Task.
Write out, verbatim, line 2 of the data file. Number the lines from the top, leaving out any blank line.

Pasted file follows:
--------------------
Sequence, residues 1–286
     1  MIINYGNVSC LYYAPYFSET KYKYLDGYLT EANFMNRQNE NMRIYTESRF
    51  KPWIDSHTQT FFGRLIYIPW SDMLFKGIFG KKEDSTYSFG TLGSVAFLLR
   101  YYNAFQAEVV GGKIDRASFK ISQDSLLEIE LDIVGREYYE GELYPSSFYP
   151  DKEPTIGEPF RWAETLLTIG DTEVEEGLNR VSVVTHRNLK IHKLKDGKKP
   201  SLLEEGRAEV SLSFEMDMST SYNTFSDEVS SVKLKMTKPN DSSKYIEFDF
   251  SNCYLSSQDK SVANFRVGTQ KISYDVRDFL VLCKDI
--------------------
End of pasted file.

     1  MIINYGNVSC LYYAPYFSET KYKYLDGYLT EANFMNRQNE NMRIYTESRF